Despite the often strange and extreme lengths Jesus goes to to show us His love, we’re pretty slow to recognize it. When I became Christian, I didn’t have any really serious Christian friends. Luckily, when God made me, he made a stubborn woman, so I prayed. I prayed for years about this. It did take years, but now I do have faithful Catholic friends, and though it took me a little while to recognize it, I really am grateful. If we are facing the Battle of Helm’s Deep, then this is my declaration, “I will follow my King to whatever end.”

Love Stories

The past two days have been pretty amazing. Yesterday was the second meeting of the Carmelite group I attended last month. They have Mass at the meeting, which meant I got to receive the Eucharist two days in a row. I didn’t go to our regular Mass yesterday afternoon, so I went this afternoon. That means three days in a row receiving Jesus in communion. I’m planning to go to the worship thing tomorrow, so that will be pretty awesome. I’ve just been really happy this whole time. I went to bed last night with the thought, “I am loved,” in my head.

Before I got up today, I watched a short video of something a priest said. He was reading from the diary of Saint Faustina. She had written of a conversation she had with Jesus in a moment of despair. Jesus explained to her that He will call a despairing soul to Him several times, and even if that soul despairs of His mercy, Jesus will make a huge effort to prove He is loving and merciful, and that no soul is beyond His love. It’s only if the soul willfully rejects His mercy that He will let that soul go. In that conversation, Jesus refers to Himself as the soul’s best friend. Though I’ve been really happy over the past three days, I wondered for a moment at lunch today: could He really be my best friend? Then I thought, “Well yeah, I know He’s my best friend. It’s just weird because He’s God and I’m just me, and He’s perfect and I’m not.”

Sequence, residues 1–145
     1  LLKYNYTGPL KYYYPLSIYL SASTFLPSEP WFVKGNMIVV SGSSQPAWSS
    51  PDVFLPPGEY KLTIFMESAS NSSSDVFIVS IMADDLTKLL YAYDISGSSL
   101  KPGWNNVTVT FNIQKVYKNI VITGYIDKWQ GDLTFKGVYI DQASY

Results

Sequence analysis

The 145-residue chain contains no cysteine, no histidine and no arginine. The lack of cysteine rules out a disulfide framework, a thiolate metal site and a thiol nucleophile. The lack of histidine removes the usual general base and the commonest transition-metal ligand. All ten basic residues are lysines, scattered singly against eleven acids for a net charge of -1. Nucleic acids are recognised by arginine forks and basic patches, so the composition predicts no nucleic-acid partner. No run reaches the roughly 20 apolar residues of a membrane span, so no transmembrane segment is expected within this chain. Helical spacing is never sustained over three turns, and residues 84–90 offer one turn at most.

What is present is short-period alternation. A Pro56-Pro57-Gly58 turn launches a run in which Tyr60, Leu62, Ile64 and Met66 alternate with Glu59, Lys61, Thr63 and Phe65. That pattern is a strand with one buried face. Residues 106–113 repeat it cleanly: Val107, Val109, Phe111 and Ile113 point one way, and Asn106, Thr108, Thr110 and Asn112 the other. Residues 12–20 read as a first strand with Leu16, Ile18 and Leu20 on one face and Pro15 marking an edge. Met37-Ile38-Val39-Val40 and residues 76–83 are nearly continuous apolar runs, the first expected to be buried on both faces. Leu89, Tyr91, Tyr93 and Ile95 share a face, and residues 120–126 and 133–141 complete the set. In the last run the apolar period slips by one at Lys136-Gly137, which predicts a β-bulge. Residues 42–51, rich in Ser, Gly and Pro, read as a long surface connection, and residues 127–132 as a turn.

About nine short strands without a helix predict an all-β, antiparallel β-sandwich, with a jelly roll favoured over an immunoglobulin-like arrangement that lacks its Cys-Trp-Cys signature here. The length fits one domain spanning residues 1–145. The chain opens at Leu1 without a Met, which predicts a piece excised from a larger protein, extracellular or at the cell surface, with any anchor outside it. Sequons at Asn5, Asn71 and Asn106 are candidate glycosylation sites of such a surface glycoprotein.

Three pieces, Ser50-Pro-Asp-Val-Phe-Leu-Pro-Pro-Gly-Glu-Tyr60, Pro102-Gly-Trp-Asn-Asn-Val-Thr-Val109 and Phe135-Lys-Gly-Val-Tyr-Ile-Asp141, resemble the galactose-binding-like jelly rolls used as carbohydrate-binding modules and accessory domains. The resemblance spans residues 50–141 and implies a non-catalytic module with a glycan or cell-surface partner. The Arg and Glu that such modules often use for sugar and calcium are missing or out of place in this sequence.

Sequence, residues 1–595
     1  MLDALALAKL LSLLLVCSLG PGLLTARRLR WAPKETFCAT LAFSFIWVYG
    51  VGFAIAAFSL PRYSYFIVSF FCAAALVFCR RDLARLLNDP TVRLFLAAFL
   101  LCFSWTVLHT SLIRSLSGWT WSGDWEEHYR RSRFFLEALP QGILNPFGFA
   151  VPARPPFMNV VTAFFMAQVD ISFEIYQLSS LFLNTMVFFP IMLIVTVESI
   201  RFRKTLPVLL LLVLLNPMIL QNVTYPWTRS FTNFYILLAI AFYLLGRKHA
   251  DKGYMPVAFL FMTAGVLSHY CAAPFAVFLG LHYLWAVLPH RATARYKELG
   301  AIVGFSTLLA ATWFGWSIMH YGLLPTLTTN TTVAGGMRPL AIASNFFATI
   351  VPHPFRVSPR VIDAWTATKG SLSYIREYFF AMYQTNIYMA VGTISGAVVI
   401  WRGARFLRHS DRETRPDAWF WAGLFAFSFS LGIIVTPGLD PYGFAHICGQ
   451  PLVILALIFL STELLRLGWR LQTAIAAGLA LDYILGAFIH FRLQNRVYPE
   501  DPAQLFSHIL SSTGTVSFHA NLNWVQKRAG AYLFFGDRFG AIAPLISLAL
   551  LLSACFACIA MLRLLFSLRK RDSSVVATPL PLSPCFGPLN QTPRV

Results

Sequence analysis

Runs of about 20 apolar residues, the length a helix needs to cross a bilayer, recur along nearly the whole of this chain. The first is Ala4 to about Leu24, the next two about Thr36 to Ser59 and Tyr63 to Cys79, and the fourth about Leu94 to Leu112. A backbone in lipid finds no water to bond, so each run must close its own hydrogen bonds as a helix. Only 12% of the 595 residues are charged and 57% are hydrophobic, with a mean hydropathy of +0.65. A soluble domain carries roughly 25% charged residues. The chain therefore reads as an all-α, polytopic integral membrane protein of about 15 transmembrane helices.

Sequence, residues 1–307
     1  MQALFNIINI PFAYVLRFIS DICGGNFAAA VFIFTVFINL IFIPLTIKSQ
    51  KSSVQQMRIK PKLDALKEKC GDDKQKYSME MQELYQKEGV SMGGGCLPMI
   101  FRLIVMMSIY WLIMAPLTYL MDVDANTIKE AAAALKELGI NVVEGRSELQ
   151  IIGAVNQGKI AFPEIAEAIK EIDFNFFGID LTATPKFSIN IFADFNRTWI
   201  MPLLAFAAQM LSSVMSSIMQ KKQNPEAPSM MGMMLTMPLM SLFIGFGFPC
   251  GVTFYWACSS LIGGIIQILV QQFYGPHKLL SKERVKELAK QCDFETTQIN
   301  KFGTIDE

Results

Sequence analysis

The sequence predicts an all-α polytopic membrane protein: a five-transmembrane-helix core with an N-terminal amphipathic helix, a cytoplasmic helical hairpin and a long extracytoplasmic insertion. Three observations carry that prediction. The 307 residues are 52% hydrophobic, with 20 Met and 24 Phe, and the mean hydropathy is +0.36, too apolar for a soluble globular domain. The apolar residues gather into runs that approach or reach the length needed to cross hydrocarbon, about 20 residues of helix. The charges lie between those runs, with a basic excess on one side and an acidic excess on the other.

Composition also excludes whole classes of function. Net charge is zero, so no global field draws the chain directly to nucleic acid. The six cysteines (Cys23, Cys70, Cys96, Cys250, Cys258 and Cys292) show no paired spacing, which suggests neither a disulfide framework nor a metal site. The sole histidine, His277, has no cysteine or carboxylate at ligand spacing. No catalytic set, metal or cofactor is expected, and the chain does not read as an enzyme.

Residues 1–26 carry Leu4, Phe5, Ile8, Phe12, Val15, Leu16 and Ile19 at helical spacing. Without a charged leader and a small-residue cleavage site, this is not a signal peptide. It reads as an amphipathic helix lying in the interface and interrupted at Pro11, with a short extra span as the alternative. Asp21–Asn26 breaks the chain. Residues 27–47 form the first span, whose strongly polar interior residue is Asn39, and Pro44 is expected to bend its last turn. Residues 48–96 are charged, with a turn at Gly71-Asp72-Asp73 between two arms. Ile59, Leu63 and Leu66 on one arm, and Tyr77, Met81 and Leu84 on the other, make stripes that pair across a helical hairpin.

Yesterday I had to be at the monastery for the meeting at eight AM. I’m nocturnal. This is entirely against my nature. We didn’t really have much food in the house for breakfast, but my dad threw together an omelet for me, which was actually pretty good because it had broccoli and onions in it, but it didn’t have any meat. I don’t know why, but if I don’t have any sausage or chicken in an omelet, it does not fill me up. I ate some toast on the way, thinking this would help, but it didn’t do much, and I had a seizure in the car.

I was able to think coherently enough to pray a little just before we got there, so I said, “Lord, I want to do this for you, and I think this is what you want me to do, but if I’m going to do this, I can’t be fuzzy.” When we got to the monastery, I took an extra pill, and I was mostly back to normal by the time we got through morning prayer. Incidentally, yesterday was a celebration in the Church for the birth of the Blessed Mother, so we had cake. This obviously helped alleviate my hunger.

Several of the people there know about my epilepsy by now, and they’re really helpful and understanding. I have to take my medicine at ten and eleven AM, which are kind of inconvenient times during the meeting, so again I prayed. I said, “God, I’m nervous. You are a merciful God, and I know you want me here, so I need you to take care of this.” As soon as I finished praying, a girl whose name is also Katie came over and asked if I needed help getting my pills.